Elliott Abrams

Pressure Points

Abrams gives his take on U.S. foreign policy, with special focus on the Middle East and democracy and human rights issues.

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Syria, Russia, and American Weakness

by Elliott Abrams
May 7, 2013


On Tuesday, Vladimir Putin showed his contempt for the United States by making our secretary of state wait three hours to see him. It is an unprecedented and unheard-of insult.

But the background makes this insult less startling. Kerry was in Moscow to plead for Russian help in sorting out the administration’s terrible dilemma in Syria. President Obama does not wish to intervene but the humanitarian toll–75,000 killed since he said in the summer of 2011 that Assad must go–and the presence of Iranian and Hezbollah forces in Syria make that position increasingly indefensible. We may not want some sort of proxy war in Syria but Iran and Hezbollah do. And their presence has helped attract some 6,000 Sunni jihadis, whose presence destabilizes not only Syria today but potentially several other countries tomorrow.

Faced with this challenge what did Mr. Obama and Mr. Kerry do? They asked Putin for help. This is astonishing in itself, for the last four years offer proof that Putin is an enemy of the United States and seeks to weaken us, not to help us. The notion that we have common interests in Syria beggars belief.

There are messages Mr. Kerry might theoretically have delivered that might have elicited a different reaction from Putin. Try this one: “We will not permit a Hezbollah and Iranian victory in Syria and we will not accept Assad’s continuation in power. Nor will we accept a never-ending civil war there that produces a million refugees, whose presence may destabilize Jordan. So we will destroy Assad’s air power and he will lose the war, unless you get him out of there.” That might wake Putin up and maybe he would see American representatives without the humiliating three-hour wait. Today, we look weak and irresolute and he treats us accordingly.

In fact there are roughly 550,000 refugees in Jordan and the number grows by 60,000 a month. Are we prepared to see Jordan destabilized? Are we prepared to see Iranian and Hezbollah expeditionary forces changing the outcome of a conflict in the Middle East?

Perhaps. Nothing we have yet done in Syria really answers that question, although the unwillingness to act suggests that we are, and that the worst outcome the White House can contemplate is action–not defeat.

But defeat is possible. Should Assad stay in power due to Russian and Iranian and Hezbollah support, and should Hezbollah’s domination of Lebanon thereby be solidified, and should our long-time ally Jordan be destabilized by the presence of three-quarters of a million or a million Syrian refugees, we will have been defeated and our position in the Middle East dealt an historic setback. Any hope of a negotiated solution to the Iranian nuclear crisis would be gone. The alliance system we have built up in the Gulf would be shredded because our own credibility would be gone.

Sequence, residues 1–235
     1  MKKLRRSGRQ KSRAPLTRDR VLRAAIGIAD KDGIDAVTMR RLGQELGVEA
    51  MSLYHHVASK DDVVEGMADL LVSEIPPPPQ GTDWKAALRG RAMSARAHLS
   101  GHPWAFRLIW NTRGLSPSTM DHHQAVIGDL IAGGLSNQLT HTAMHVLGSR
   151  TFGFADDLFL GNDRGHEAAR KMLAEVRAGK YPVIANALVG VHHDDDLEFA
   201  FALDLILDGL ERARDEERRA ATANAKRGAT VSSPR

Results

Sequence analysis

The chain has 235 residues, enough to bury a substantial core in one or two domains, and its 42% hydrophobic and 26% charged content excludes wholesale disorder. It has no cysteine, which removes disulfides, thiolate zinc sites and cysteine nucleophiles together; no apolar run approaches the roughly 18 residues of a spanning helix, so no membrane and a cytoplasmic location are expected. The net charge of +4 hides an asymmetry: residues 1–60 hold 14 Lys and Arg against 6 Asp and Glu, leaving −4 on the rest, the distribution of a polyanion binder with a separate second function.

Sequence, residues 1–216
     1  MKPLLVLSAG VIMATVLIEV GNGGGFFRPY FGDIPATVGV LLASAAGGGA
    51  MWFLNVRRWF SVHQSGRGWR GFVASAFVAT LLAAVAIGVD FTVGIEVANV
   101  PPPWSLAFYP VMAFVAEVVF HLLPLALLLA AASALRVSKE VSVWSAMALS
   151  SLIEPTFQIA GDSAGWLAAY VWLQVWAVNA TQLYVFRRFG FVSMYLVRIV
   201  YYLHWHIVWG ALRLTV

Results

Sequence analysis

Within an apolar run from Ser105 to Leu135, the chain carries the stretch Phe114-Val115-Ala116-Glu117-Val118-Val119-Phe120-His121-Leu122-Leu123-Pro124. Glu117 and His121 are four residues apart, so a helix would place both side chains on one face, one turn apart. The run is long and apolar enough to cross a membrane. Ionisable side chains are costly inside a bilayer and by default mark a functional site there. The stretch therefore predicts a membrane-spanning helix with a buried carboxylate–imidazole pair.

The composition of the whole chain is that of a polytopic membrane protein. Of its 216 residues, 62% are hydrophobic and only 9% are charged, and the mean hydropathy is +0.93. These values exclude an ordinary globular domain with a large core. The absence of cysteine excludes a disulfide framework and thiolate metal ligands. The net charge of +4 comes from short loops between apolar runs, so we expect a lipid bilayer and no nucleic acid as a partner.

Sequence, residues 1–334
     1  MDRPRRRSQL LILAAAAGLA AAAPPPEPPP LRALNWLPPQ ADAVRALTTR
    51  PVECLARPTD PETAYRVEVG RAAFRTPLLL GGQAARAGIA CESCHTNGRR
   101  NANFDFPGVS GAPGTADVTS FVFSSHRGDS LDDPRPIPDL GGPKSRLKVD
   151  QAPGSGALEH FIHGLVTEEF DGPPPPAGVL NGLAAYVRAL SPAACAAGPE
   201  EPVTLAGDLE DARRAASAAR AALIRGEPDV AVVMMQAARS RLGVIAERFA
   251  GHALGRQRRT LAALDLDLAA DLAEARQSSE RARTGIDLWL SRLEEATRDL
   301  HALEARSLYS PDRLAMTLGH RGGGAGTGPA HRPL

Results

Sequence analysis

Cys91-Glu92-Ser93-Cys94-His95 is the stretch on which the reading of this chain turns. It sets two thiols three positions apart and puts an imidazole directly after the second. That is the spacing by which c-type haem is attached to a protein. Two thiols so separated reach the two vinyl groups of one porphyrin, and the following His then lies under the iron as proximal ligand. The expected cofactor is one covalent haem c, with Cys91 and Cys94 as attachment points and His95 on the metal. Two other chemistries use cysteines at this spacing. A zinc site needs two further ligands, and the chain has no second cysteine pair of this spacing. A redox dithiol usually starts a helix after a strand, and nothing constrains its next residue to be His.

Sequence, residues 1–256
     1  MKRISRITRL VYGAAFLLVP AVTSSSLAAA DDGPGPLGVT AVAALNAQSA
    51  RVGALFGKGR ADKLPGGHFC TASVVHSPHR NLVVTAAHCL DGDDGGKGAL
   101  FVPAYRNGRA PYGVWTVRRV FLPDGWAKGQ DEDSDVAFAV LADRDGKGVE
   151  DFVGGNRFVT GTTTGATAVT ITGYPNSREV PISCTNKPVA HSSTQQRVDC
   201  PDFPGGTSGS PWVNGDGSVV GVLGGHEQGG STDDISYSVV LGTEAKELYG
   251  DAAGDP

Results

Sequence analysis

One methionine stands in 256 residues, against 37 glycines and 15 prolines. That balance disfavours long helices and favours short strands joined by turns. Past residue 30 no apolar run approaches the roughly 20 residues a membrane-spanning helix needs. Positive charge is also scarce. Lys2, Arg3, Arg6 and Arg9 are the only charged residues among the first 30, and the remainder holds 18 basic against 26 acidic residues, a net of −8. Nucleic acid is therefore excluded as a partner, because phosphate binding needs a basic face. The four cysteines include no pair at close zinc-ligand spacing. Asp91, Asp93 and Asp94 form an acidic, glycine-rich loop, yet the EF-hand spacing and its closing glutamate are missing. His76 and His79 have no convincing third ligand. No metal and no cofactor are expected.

This is what is at stake in Syria. The picture of an American secretary of state hanging around for three hours, desperate to see Putin and seek his help, is pathetic–and suggests a profound misjudgment of Putin (who has nothing but contempt for weakness) and of Russian policy. There is little room for pity in the international politics of the Middle East: the strong prevail and the weak suffer. Our allies have believed we were the strong party, but must now doubt our will. The Israelis know that there is no substitute for power and the will to use it, so they are giving demonstrations in Syria of their own policy–in the absence of any American determination to prevail.

This is a situation fraught with danger for American allies and American national interests. Appealing to Russia for help is the true measure of this administration’s failures.

Post a Comment 5 Comments

  • Posted by The Source of Strength

    We are weakened and befuddled but, thankfully, Israel is a rock, for now.
    We do share a common interest in Syria- stability. With Weimar Egypt as a ‘dirty side’, Israel can do no better than an ophthalmologist, forced to ‘keep up appearances’ as a client state for Iran, and his London-bred wife, a former Deutsche Bank staffer and JP Morgan banker.
    If it were possible for Iran’s allies to look the other way while its unambiguously nefarious nuclear facilities are destroyed, with concessions to the Assad regime offered as an incentive, Israel would be able to leverage this conflict to obtain exactly what it needs from the United States to allow it time to adjust to the reality of life in the Middle East- submission to G-d.

  • Posted by Dean Smallwood

    This is only one more affirmation for those of us who knew in 2008 that Obama was in way over his head .

  • Posted by Phil

    Firstly, I think any rational person would require a little more detail and facts about why Kerry was ‘made’ wait in Moscow before extrapolating further conclusions and knock-on effects for the sake of ‘seeming’ right. Personally I think your conclusions about this are premature and overly simplistic as swashbuckling and ‘manly’ as they come across. Those who write rather than do sometimes can’t resist flexing what they can in an environment of testosterone fueled preemptive war which has pervaded Washington thinking since 2001. Can anyone say neocon? etc